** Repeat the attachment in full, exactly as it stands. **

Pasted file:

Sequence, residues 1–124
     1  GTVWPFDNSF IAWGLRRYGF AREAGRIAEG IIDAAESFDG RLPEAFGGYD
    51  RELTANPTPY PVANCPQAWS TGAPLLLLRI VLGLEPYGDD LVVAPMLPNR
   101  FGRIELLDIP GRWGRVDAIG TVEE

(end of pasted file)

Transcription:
Sequence, residues 1–124
     1  GTVWPFDNSF IAWGLRRYGF AREAGRIAEG IIDAAESFDG RLPEAFGGYD
    51  RELTANPTPY PVANCPQAWS TGAPLLLLRI VLGLEPYGDD LVVAPMLPNR
   101  FGRIELLDIP GRWGRVDAIG TVEE